Emmanuel Garibay is an artist from the Philippines who is known for striking images that critique the conventions of his country’s European colonial past. This work is his surprising portrayal of the events of Luke 24:13–35 in which the newly-risen Christ, unrecognized, walks to the village of Emmaus with two of his disciples. Upon arrival, he agrees to eat with them, and is finally seen and acknowledged at the breaking of the bread.
In Garibay’s work the disciples break into laughter at this recognition of Christ, and their own previous blindness. But what they see is a woman, with dark skin, in a slim red dress, eating among the ordinary workers in the village.
This work is shocking for the way it upends what those familiar with mainstream Western Art might expect. Theologically the Christian tradition would affirm that the spirit of Christ is not bound by differences of sex or gender, but is alive in the world in creative and diverse ways. Yet we had really expected a man—and probably white.
Western audiences recognize their shock at this female depiction and yet, though androgynous, we know that this is Christ: her face is haloed, and her hands bear the marks of crucifixion. The hilarity of the disciples becomes the humour, the shock, the recognition of a divine joke that has been played on the viewer’s theological and cultural expectations. Here is the embodied shock of Paul’s affirmation, ’neither male nor female’, for all are one in Jesus Christ (Galatians 3:28).
There is more. The context is not a church or holy place, but somewhere where ordinary people gather, have simple food, and drink beer. This Christ is female and—perhaps as shockingly—has dark skin. She is an indigenous Filipino, utterly different from any colonial Spanish or contemporary North American representation of power and authority. The Christ figure also wears a red café dress, a cultural convention that presents a woman who may not be considered respectable company.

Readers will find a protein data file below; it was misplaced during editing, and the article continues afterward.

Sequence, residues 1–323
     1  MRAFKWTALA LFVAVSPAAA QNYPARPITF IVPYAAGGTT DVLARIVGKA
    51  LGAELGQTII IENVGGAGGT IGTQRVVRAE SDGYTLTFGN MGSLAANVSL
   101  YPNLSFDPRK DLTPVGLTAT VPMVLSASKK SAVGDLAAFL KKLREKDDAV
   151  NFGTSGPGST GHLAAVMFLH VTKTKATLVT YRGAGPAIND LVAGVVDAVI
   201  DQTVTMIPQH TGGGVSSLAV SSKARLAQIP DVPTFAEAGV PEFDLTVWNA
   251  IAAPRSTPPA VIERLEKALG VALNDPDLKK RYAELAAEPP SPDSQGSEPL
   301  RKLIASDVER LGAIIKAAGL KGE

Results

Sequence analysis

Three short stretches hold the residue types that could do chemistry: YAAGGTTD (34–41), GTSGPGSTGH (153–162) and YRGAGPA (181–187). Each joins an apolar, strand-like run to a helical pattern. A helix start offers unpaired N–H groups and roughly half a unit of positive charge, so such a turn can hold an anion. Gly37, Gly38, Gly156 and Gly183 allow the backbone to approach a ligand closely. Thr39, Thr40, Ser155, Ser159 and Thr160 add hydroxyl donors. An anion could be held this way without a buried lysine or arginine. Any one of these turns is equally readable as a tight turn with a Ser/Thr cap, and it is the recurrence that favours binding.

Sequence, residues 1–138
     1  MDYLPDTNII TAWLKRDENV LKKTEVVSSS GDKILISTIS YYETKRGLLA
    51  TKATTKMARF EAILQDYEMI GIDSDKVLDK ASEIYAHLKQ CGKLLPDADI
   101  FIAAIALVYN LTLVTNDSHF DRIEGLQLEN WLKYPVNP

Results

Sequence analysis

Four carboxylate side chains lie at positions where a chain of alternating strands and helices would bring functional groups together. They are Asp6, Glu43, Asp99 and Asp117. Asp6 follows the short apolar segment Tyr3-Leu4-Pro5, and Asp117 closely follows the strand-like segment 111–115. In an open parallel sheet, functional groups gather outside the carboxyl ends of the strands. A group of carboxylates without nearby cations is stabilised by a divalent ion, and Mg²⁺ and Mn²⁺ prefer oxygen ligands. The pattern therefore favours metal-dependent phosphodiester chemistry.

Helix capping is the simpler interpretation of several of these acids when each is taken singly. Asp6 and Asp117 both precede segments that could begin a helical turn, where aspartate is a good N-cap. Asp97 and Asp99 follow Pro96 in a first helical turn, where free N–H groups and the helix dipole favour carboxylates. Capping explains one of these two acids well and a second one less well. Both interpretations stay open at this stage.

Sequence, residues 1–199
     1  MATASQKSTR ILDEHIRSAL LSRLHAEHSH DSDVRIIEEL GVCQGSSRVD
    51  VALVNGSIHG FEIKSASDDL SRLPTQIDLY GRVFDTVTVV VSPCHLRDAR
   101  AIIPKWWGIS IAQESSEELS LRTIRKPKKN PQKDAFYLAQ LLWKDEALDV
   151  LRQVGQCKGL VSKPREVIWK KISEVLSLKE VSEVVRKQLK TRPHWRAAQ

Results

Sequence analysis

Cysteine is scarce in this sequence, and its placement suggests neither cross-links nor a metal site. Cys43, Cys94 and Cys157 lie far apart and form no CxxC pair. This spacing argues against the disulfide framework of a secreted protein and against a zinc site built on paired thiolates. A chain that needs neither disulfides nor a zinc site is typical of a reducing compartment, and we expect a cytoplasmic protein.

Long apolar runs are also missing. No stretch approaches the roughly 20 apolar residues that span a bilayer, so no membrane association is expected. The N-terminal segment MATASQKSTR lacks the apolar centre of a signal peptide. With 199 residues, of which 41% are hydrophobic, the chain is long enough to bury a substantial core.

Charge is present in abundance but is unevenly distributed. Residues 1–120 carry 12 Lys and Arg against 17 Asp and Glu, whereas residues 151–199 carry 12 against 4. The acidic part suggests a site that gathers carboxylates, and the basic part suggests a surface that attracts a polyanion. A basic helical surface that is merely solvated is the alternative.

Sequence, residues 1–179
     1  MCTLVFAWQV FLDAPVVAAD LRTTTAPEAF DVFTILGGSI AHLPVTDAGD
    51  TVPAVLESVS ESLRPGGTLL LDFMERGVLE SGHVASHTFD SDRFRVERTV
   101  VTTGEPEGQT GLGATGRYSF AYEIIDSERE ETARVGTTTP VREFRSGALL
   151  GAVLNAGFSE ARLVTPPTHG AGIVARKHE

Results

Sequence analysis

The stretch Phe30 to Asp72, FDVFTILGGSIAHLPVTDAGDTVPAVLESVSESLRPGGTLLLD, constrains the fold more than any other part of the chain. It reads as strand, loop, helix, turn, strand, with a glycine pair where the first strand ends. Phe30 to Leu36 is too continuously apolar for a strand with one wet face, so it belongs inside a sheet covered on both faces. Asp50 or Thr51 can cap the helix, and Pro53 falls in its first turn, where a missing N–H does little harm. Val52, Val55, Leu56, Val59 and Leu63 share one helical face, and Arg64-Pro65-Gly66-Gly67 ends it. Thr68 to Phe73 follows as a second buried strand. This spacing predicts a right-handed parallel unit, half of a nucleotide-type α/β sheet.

Where else should we look for the living Christ, if not among the poor and marginalized? New possibilities for hope emerge as traditional icons of power are overturned. Freedom is let loose in the laughter of disciples shocked out of their conventional forms of seeing. This image laughs at the oppressive apparatus of both church and state, and locates freedom in the places where ordinary people break bread.
23 Now before faith came, we were confined under the law, kept under restraint until faith should be revealed. 24So that the law was our custodian until Christ came, that we might be justified by faith. 25But now that faith has come, we are no longer under a custodian; 26for in Christ Jesus you are all sons of God, through faith. 27For as many of you as were baptized into Christ have put on Christ. 28There is neither Jew nor Greek, there is neither slave nor free, there is neither male nor female; for you are all one in Christ Jesus. 29And if you are Christ’s, then you are Abraham’s offspring, heirs according to promise.
4 I mean that the heir, as long as he is a child, is no better than a slave, though he is the owner of all the estate; 2but he is under guardians and trustees until the date set by the father. 3So with us; when we were children, we were slaves to the elemental spirits of the universe. 4But when the time had fully come, God sent forth his Son, born of woman, born under the law, 5to redeem those who were under the law, so that we might receive adoption as sons. 6And because you are sons, God has sent the Spirit of his Son into our hearts, crying, “Abba! Father!” 7So through God you are no longer a slave but a son, and if a son then an heir.